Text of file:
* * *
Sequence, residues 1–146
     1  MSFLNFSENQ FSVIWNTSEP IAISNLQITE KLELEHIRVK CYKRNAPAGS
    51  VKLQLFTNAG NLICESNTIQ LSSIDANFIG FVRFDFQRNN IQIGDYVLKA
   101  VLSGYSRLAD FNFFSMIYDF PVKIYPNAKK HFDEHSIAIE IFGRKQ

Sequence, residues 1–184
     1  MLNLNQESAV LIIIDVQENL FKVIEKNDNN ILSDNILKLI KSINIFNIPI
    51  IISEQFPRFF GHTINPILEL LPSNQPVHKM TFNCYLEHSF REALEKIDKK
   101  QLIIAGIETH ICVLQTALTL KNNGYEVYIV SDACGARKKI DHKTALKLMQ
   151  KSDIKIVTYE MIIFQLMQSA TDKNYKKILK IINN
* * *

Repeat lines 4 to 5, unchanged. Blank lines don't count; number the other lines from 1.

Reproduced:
   101  VLSGYSRLAD FNFFSMIYDF PVKIYPNAKK HFDEHSIAIE IFGRKQ

Sequence, residues 1–184